Insulated Gate Bipolar Transistor Operation and Characteristics

The Insulated Gate Bipolar Transistor (IGBT) is a semiconductor device having three terminals – Gate (G), Emitter (E), and Collector (C). IGBT has been developed by combining the best qualities of both BJT and Power MOSFET. Hence, an IGBT exhibits high input impedance as a PMOSFET and has low ON-state power losses like a BJT.

The IGBT is also free from the second breakdown problem that present in the BJT.

IGBT is also known as Insulated Gate Transistor (IGT), Metal Oxide Insulated Gate Transistor (MOSIGT), Conductively Modulated Field Effect Transistor (COMFET) or Gain Modulated FET (GEMFET).

Basic Structure and Schematic Symbol of IGBT

The IGBT is constructed by a p+ layer substrate from the collector. In the IGBT, the p+ substrate is called the injection layer since it injects holes into the N- layer (in between the P+ layer and P layer) is called drift region. The thickness of N- layer determines the voltage blocking capability of the IGBT. The P-layer is known as the body region of the IGBT and the body region serves to accommodate depletion of junction J2.

Working of IGBT

When collector is made positive with respect to the emitter, the IGBT is forward biased. When voltage is not applied between gate and emitter, the junction J2 between N- region and P region is reverse biased, hence no current flows from collector to emitter.

When gate is applied with positive voltage with respect to emitter by source VG, with gate-emitter voltage greater than threshold voltage (VGET) of the IGBT, then an n-channel or inversion layer is induced in the upper part of p-region just below the gate. This n-channel short circuits the N--region with the N+-emitter regions.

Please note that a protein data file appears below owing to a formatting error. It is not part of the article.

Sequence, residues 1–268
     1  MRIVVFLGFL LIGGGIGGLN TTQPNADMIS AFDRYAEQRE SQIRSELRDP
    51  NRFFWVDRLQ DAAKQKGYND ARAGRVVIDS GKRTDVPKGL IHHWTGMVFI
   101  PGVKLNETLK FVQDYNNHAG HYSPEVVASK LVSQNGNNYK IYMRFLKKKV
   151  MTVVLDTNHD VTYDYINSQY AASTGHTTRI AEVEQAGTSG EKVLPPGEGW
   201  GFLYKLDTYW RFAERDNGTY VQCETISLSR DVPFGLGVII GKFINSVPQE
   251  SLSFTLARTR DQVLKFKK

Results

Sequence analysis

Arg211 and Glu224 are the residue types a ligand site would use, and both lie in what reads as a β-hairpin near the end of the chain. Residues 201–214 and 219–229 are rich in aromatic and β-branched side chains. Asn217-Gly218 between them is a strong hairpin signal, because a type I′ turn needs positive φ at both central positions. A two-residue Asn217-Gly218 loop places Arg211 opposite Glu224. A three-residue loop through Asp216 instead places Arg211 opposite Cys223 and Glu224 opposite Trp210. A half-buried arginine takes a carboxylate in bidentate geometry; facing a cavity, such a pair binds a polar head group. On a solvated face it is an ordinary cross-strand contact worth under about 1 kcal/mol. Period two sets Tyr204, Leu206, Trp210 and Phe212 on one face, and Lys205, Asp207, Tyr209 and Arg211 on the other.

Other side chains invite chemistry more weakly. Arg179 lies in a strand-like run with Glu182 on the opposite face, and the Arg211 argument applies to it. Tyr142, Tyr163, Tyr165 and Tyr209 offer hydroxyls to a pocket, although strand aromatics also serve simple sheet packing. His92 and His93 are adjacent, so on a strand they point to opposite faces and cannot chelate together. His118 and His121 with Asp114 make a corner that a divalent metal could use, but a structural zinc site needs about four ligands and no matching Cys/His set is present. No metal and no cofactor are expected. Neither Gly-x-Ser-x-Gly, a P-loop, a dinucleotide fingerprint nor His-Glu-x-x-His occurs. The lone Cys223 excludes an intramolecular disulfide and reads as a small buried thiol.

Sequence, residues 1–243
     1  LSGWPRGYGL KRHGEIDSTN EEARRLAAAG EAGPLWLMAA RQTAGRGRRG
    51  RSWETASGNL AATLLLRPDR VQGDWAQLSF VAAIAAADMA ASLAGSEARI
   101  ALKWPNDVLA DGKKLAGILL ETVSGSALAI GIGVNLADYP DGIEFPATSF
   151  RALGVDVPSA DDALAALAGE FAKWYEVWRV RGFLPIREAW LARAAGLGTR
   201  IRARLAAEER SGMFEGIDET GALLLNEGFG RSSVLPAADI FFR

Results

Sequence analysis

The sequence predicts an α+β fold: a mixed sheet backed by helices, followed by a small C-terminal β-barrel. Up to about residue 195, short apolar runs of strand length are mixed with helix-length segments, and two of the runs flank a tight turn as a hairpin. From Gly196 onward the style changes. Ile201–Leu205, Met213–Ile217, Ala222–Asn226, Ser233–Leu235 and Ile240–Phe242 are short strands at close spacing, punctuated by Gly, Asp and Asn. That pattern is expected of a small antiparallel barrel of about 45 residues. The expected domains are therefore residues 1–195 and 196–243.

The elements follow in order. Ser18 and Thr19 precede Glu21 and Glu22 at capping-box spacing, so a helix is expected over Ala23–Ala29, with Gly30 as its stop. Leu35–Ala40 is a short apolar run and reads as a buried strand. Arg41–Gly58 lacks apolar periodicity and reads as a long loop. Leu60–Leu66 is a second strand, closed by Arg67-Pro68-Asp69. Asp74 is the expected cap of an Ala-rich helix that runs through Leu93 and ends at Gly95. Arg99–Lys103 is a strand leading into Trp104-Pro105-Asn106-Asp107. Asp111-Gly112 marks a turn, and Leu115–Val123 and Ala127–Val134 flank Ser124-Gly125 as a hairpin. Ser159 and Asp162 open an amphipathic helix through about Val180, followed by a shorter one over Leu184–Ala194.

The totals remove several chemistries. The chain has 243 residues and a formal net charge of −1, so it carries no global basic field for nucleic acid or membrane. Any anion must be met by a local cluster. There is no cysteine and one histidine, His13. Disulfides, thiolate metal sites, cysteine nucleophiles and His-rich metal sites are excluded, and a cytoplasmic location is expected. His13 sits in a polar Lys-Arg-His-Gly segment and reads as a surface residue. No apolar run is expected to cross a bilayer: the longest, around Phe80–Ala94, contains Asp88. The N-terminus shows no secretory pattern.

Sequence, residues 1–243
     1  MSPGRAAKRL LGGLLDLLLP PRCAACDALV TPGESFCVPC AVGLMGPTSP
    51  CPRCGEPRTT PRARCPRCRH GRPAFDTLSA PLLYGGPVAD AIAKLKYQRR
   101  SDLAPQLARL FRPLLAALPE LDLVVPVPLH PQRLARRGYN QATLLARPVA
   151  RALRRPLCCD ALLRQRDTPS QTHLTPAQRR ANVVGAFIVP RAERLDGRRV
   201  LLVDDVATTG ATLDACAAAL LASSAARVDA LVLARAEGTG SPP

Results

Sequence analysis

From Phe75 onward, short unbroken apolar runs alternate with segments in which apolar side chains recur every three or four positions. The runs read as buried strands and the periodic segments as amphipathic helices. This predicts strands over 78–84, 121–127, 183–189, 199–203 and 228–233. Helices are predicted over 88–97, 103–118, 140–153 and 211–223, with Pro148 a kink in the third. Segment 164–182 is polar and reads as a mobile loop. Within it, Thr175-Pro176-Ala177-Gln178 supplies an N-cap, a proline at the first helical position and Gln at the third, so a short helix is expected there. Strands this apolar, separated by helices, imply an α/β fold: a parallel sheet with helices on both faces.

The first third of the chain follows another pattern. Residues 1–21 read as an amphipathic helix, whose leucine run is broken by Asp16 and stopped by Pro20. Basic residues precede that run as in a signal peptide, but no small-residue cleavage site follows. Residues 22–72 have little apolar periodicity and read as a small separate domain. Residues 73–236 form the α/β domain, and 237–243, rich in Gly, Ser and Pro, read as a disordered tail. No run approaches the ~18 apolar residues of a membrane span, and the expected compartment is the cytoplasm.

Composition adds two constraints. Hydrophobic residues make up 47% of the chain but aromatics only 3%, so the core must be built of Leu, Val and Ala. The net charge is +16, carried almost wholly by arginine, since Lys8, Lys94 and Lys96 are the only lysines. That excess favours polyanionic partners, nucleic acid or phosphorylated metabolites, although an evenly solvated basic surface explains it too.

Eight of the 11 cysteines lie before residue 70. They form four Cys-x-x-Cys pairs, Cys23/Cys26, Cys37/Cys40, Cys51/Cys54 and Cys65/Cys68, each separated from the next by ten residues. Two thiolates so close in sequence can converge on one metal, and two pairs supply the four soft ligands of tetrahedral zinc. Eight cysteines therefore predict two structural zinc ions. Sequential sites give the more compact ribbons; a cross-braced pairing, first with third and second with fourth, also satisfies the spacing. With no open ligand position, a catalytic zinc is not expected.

Electrons start to flow from N+ region to N- region through the n-channel. Since the IGBT is forward biased, hence the P+ collector region injects holes into the N- drift region, so that the injection carrier density in the N- drift region increases extensively and in turn, the conductivity of N- region increases significantly. Hence the IGBT gets turned ON and starts to conduct forward collector current IC.

The collector current (IC) or emitter current (IE) consists of two components viz. one is Hole Current (Ih) due to the injected holes and another is Electron Current (Ie) due to injected electrons. Hence,

           The collector or load current 𝐼𝐢 = emitter currentIC=Ih+Ie

Since the major component of the collector current is due to the electron current (Ie). Hence,

$$\mathrm{I_{c} \cong I_{E}}$$

The ON state voltage drop in IGBT is,

VCE.on = Voltage Drop[in−channel +across drift in N− region +across forward biased P+ N junction J1]

Output or Static I-V Characteristics of IGBT

The static I-V characteristics or output characteristics of IGBE is the graph between the collector current (IC) and the collector-emitter voltage (VCE) plotted for various values of gate-emitter voltage.

The forward output characteristics is similar to that of BJT. The voltage VRM is the maximum reverse breakdown voltage.

Transfer Characteristics of IGBT

The transfer characteristics of IGBT is the graph between the collector current (IC) and gate-emitter voltage (VGE). When the value of VGE is smaller than threshold voltage (VGET), the IGBT remains in the OFF state.

Advantages of IGBT

  • Lower gate-driver requirements
  • Lower switching losses
  • Smaller snubber circuit requirement
  • Less size and cost
  • High efficiency

Applications of IGBT

  • IGBT are used in dc and ac motor drives
  • Used in UPS systems
  • Used in power supplies and drivers for solenoids, relays and contactors